African Oral Narratives
Military Intelligence in Apartheid-era South Africa

About 'Forgotten' Voices

This is a collection of 55 interviews with residents in three poor communities in South Africa, conducted by Dr Dale McKinley and Ahmed Veriava in 2007 and 2008 on behalf of the South African History Archive (SAHA). This research project was an attempt to contribute to an 'alternative history of the South African transition' by capturing 'histories from below' of the South African transition in an attempt to provide a meaningful cross-section of rural, urban and peri-urban realities in South Africa's post-1994 political, social and economic history, as lived and experienced by the oppressed and the marginalized majority.

The three communities that participated in this project are:

Maandagshoek -- a rural community of several thousand people, located in Limpopo province, in an area historically known as Sekhukuneland, formerly part of the apartheid homeland of Lebowakgomo. Two large and extremely profitable mines have been in operation in the community since the early 1990s but with little benefit to the community. Unemployment is very high and the state of basic services in most of the community is deplorable.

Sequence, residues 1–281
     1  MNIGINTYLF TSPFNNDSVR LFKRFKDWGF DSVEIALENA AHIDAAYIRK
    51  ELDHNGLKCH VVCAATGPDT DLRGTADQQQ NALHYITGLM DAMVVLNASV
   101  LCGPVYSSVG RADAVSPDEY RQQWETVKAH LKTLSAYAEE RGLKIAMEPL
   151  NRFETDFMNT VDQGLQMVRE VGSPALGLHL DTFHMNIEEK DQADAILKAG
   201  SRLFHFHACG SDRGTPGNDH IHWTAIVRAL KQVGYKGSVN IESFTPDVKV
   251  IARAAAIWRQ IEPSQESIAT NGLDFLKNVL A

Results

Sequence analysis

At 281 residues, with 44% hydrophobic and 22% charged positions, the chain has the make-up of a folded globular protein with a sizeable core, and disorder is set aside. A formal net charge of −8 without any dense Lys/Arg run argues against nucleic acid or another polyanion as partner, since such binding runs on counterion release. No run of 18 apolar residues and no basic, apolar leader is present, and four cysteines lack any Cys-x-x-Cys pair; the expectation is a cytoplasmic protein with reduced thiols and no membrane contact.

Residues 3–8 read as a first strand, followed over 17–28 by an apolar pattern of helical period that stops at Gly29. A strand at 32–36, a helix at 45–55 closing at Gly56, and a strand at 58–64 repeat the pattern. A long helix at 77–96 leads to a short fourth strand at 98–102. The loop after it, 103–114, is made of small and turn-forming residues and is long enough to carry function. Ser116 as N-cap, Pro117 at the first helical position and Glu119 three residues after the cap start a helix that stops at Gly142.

Rammolutsi -- a peri-urban community located adjacent to the small farming town of Viljoenskroon in the Northern Free State. Rammolutsi was established many decades ago as a small 'black township' to service the needs of white Viljoenskroon. Prior to 1994, the majority of residents, most all of whom were either farm workers or workers in a local manufacturing plant. Since 1994 however, there has been a huge influx of people into Rammolutsi, mostly as a result of the mass evictions/retrenchments of workers from surrounding farms as well as the local manufacturing plant.

Sebokeng -- one of the oldest urban 'townships' in the mid-Vaal area (south of Johannesburg) of Gauteng province. Sebokeng was established under the apartheid regime as a home for workers servicing the large industrial plants in the area such as SASOL, ISCOR and later, SAMANCOR.

Key issues and themes emerging through the interview process included the escalation of unemployment and poverty largely due to the privatization of industry and job shedding in the farming sector, health concerns and the impact of the HIV – AIDS pandemic on the communities, reliance on social grants and small-scale farming, concerns around quality of education, and the provision of housing and failures in service delivery by the government.